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The Liberty Statue

Liberty Statue

Leicester's landmark Liberty Statue has been put on display in its new home.

The statue, which used to be housed on top of the former Liberty Shoe Factory overlooking the River Soar was publicly revealed on its new home on 17 December 2008. It has been given pride of place on a 4.5-metre plinth on the Swan Gyratory roundabout, just a stone's throw from the site where it originally stood. 
The statue is on show again for the first time in five years after minor restoration work, as well as the installation of cables, lighting and plants on the roundabout. 
The new statue was publicly revealed in a ceremony marking the completion of the neighbouring Upperton Road Viaduct scheme – a prestigious project to replace the old viaduct with a new road, bridge and cycle path. The replacement of the statue is the culmination of work by Leicester City Council to reinstate it near to its original home.


Leicester City Council's cabinet member for regeneration and transport, Councillor Patrick Kitterick, said: "This was a popular landmark in Leicester for years, and I am delighted that it has been given pride of place in its new home on the side of the River Soar. It is great to combine the statue's new home with the official launch of the new Upperton Road project, which has helped regenerate one of the main routes into the city."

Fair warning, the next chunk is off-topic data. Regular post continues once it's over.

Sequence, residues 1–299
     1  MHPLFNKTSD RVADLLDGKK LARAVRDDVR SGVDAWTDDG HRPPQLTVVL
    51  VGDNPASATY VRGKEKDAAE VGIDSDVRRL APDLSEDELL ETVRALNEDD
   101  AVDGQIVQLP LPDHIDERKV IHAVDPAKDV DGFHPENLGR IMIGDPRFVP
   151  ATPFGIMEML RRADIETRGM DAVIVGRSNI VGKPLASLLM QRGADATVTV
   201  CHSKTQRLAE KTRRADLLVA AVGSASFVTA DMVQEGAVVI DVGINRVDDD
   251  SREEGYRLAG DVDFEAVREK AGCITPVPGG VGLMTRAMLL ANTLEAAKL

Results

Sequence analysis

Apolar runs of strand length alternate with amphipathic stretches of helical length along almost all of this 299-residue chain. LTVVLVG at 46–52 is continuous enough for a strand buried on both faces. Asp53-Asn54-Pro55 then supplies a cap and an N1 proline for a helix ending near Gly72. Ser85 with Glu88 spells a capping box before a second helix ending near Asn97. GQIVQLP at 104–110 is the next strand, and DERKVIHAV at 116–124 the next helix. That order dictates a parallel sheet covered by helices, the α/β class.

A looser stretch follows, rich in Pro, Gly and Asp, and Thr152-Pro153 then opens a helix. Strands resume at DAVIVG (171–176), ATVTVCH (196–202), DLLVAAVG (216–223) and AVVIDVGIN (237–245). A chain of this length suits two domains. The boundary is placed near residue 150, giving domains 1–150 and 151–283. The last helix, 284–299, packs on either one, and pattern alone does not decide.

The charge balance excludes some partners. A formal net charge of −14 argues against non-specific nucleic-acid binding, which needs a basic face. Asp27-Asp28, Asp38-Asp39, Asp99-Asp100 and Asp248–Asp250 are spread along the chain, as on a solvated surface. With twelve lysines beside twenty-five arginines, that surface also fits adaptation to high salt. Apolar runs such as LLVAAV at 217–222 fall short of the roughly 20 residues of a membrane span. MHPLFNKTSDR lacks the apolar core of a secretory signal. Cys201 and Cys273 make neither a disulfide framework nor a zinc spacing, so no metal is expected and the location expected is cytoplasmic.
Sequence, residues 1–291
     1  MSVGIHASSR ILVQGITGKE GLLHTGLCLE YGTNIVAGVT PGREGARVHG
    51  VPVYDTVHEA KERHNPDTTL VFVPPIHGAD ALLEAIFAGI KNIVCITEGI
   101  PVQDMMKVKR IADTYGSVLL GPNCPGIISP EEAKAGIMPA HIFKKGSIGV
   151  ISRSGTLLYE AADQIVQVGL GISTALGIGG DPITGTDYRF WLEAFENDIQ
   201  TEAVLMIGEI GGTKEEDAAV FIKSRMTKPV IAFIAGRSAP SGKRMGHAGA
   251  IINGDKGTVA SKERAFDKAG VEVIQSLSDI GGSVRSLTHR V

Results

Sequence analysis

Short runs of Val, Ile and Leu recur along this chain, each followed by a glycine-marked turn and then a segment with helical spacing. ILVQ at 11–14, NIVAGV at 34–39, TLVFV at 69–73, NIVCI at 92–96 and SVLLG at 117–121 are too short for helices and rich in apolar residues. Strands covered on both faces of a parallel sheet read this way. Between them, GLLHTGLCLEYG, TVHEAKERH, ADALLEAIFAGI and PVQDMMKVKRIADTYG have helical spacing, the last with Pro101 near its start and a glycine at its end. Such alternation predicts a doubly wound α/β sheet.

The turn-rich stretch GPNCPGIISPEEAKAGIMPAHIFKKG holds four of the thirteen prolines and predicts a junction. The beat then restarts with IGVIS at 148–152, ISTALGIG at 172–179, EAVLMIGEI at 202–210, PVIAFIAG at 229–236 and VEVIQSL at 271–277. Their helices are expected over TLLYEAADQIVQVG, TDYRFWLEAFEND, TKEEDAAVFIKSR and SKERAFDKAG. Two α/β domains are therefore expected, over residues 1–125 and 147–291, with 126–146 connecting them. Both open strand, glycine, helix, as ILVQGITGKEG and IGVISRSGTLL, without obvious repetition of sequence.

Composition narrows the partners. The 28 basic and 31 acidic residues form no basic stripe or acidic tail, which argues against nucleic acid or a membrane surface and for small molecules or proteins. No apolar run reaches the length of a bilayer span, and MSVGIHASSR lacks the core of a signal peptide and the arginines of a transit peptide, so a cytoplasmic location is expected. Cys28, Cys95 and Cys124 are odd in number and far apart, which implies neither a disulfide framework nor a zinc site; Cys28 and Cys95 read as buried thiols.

Liberty Statue

History of the Liberty Statue


Lennards Shoes factory was built on the corner of Eastern Boulevard and Upperton Road in 1919. The factory's directors had seen and been impressed by the original Statue of Liberty during their trip to New York in 1920, and on their return they commissioned a considerably reduced version from sculptor Joseph Herbert Morcom. The statue was carved from three pieces of stone at Morcom's workshop in The Newarke, Leicester.


Following the erection of the statue on the building, the firm became known as 'Liberty Shoes'. During the 1980s and 1990s, the building fell out of use and the statue was subject to deterioration and vandalism. It was restored before reinstatement in its new home in 2008.